the art of transmission



Angers and oranges.
It’s a story that flows back to Renaissance times, when the first golden fruits arrived in the city on river boats.

By the 18th century, Angers was home to 17 orange merchants. Life is sweet here, amid the orchards and streams of the Val de Loire, “Garden of France.” Generations of distillers flourished in the ducal city, the fame of their exquisite spirits spread far and wide.

'In 1849 the Cointreau family – settled in Angers since 1614 – founded its namesake distillery.'

Even now, every bottle of Cointreau – all 15 million produced each yearhails from Angers, distilled in the purest tradition of French Art of living.

With the Industrial Revolution in full swing, Adolphe Cointreau, a confectioner by trade, joined forces with his brother Édouard-Jean to create the Cointreau family distillery. In 1852 Maison Cointreau launched its first orange liqueur: a curaçao derived from the peels of bitter oranges.

Lineage and a legacy

But it was Édouard, scion of the second generation, who in the early years of the Belle Époque invented Cointreau L’Unique.

Inspired and imaginative, Édouard Cointreau also designed the liqueur’s iconic bottle: its elegant, faceted form a homage to the flacons of luxurious French perfumes.
Not incidentally, the innovative four-sided shape makes the bottle easy to ship, and the amber-colored glass shields the liqueur from light, thus preserving its aromatic essence.

    Édouard promoted his creation with tireless zeal. In 1885, he oversaw the original poster design for Cointreau L’Unique.

    With the pioneering Lumière brothers in 1898, he shot the first commercial film featuring Pierrot, Cointreau’s iconic mascot.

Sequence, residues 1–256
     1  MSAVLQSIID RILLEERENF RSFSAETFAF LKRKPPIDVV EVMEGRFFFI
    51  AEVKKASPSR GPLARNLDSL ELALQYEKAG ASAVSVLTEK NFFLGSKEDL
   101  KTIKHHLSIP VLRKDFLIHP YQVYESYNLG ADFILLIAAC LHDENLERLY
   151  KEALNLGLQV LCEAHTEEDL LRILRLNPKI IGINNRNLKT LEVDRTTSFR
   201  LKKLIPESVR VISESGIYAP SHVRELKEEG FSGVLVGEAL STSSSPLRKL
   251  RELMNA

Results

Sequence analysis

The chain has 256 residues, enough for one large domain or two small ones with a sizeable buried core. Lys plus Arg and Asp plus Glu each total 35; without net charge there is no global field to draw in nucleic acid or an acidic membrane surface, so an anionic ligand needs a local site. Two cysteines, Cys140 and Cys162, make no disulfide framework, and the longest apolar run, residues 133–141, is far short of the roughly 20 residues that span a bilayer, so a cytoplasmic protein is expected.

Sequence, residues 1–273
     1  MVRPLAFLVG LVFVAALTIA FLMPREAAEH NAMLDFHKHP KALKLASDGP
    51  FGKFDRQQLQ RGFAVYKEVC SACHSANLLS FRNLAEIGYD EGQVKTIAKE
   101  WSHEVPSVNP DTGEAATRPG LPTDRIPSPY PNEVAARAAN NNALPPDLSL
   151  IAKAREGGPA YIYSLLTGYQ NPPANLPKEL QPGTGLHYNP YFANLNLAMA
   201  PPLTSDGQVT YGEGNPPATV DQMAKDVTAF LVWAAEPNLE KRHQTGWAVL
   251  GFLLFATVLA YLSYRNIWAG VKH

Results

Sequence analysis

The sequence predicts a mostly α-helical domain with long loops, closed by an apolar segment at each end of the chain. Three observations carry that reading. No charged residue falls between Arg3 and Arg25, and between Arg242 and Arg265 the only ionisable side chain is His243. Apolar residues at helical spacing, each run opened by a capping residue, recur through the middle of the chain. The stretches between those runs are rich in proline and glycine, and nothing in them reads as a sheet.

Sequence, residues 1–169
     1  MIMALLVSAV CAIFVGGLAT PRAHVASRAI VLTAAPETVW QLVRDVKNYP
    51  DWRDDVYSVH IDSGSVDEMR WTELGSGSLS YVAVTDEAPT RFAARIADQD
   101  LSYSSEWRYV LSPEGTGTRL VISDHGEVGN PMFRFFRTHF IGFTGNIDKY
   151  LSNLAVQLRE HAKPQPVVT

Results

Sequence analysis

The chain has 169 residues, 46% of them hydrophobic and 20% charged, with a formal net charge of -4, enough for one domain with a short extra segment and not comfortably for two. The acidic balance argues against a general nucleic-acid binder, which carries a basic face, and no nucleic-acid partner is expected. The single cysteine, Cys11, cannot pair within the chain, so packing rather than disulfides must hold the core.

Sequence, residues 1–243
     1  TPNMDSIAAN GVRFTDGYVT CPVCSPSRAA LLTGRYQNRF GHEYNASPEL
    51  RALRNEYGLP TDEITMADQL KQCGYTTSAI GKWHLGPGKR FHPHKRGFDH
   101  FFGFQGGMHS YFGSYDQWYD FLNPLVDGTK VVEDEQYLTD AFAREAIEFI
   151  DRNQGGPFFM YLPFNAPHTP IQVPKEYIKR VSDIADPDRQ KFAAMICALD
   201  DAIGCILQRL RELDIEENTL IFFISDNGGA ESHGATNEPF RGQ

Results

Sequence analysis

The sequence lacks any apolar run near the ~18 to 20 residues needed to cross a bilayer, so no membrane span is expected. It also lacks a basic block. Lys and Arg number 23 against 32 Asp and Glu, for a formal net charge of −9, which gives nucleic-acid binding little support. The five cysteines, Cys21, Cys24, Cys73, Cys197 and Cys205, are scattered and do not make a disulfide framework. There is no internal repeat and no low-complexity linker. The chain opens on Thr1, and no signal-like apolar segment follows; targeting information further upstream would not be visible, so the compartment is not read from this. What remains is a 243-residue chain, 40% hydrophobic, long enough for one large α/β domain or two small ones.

The famous Cointreau motor car made its appearance in 1902.

    Cointreau stepped on to the world stage at the Universal Expositions of 1889, held in Paris. With his unfailing flair for showmanship, Édouard displayed his creation along with an enormous copper alambic, imported from the Angers distillery.

    Such energy and inventiveness bore fruit: at his death in 1923, Édouard had expanded the presence of Cointreau throughout Europe and across the seas.

    Édouard also had a not-so-secret weapon as he set out to conquer the world with his orange liqueur: his spouse, Louisa – champion of women’s rights, recipient of the Légion d’Honneur in 1929.

    André and Louis Cointreau, their sons, took up the baton in their turn and continued the brand’s international expansion.

    Alfred Cointreau represents the sixth generation and pursues the family tradition. Cocktail connoisseur, and brand ambassador since 2011 to the global community of elite mixologists.'


      Maison Cointreau remains true to its philosophy of working as a family. Master Distiller Carole Quinton, sixth of the line, has upheld that ethos since her arrival in 2016.

      The distillation of Cointreau is a multi-sensorial experience: hands monitor the heat of the stills; ears listen, alert to the ebb and flow; noses inhale the sweet heart of the distillate; palates judge the balance of aromas and eyes verify the liqueur’s unique crystalline brilliance.

        As Carole Quinton puts it:

        Like a winemaker walking along the rows of a vineyard, tending to her grapes, I must see and feel everything that happens in the distillery.


        The Art of French Know-How

        The Art of Transmission

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